“I think you’re the first person
in the history of the world to get my mother to shut up. You’re my type of girl,” Sirius said,
bounding down the stairs and giving Remus a hand with the drapes.
“Sirius Black!” Rose wheeled
around her wand pointed at Sirius. “It’s a trap! Expellus…Expelmus”
replied in a bored voice, sounding like a teacher supplying the right answer
for a struggling pupil who really ought to know the answer. He caught her wand as Rose continued to
stare open-mouthed at him. “You really
ought to practice your disarming spells if you’re going to be a member of the
Order of the Phoenix.” He handed Rose back her wand while she gaped at him.
“I must apologize for Rose’s
outburst,” Maddie said, a sinking feeling in her stomach that her first
impression on the Order was going less than stellar. “She shouldn’t have insulted your mother’s portrait like
that.” Maddie glanced over at Rose who
was too busy eyeing Sirius. “Rose,”
Maddie urged in a low voice. Rose
continued to stare at Sirius, her wand pointed in a less than friendly
manner. “Apologize,” Maddie hissed.
“What? No! That dried up old
harpy called us…” Rose trailed off when she saw that the expression on Maddie’s
face was fiercer than a dragon with a bad case of scale rot.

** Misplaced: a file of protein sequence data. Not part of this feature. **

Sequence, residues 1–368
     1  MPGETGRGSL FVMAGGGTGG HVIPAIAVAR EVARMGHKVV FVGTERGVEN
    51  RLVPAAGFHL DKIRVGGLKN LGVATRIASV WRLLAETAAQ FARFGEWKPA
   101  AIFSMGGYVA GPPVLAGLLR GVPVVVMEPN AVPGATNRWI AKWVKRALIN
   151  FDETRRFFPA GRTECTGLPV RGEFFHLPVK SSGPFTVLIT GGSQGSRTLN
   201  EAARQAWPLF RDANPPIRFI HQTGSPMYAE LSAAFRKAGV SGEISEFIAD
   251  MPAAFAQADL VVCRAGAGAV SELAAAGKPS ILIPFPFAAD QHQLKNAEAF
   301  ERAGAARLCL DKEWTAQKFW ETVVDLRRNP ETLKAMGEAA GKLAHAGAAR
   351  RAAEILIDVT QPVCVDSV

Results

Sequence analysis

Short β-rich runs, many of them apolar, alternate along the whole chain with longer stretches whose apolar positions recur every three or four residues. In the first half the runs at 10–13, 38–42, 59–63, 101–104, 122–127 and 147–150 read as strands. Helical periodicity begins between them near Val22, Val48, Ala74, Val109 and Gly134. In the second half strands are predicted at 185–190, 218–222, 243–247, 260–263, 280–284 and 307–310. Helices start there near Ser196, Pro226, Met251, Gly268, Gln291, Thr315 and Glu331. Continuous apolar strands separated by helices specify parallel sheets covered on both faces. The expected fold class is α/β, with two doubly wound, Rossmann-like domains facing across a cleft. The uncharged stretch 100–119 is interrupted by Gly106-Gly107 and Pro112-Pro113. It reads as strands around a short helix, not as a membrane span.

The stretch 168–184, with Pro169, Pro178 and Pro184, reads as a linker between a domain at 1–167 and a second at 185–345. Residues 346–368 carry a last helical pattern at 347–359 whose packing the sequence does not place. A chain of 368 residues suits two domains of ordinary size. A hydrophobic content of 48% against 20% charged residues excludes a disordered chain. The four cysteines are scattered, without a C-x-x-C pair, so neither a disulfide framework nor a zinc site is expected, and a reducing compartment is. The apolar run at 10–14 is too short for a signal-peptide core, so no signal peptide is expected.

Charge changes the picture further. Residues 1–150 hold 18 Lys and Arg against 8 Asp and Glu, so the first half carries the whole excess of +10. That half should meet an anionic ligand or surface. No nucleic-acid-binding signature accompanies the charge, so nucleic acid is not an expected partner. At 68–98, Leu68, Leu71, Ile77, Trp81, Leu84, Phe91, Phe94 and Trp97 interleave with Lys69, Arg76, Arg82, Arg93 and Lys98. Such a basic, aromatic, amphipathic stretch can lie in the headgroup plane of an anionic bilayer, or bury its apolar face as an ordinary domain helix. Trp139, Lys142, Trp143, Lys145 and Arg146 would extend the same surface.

“Um, sorry,” Rose muttered.
“’S’alright. Mum goes off every time someone comes
in. It’s like having the world’s most
annoying guard dog.” He shrugged and
righted the overturned umbrella stand.
“Did’ya know ‘bout him?” Rose
jerked her head in Sirius’s direction.
“Yes, Professor Dumbledore
briefly explained Mr. Black’s case to me.
I wasn’t sure if he was going to be here, but I would have told you if
you had given me a minute instead of insulting portraits and throwing spells
“I’m always here,” Sirius
replied with a twisted smile. “I guess
I don’t have to introduce myself,” he drawled.
Isis stepped closer to Maddie, her hand on the butt of her wand. Selena was more interested in the man
standing next to Sirius.
“I’m Remus Lupin. I believe I’ve met most of you before,”
Remus held out his hand.
“Oooh! Yes!” Rose exclaimed. “I
“Oh really?” Sirius muttered out
the side of his mouth, smirk on his face.
“Regular customer at Lorelei’s Lair, are you Moony?” Remus ignored
Sirius and smiled at Rose.
“You’re that professors that
gave us them lessons when all the Dementors were in the village. You were with that short, cheerful
fella. Watch! I can still do it!” Rose squeezed her face into a form of intense
She swore and screwed up her face.
“Ummmm—don’t tell me!” she snapped at Remus, who had started to open his
mouth. “Expecto Patronus!” A small cloud of silver vapor formed.
“That’s very good,” Remus said,
but Rose interrupted him.
“That was crap. Hold your hippogriffs. I can do it.” She repeated the words a few more times and on the fourth try, a
silver tarantula came out of her wand.
“Well done!” Remus enthused.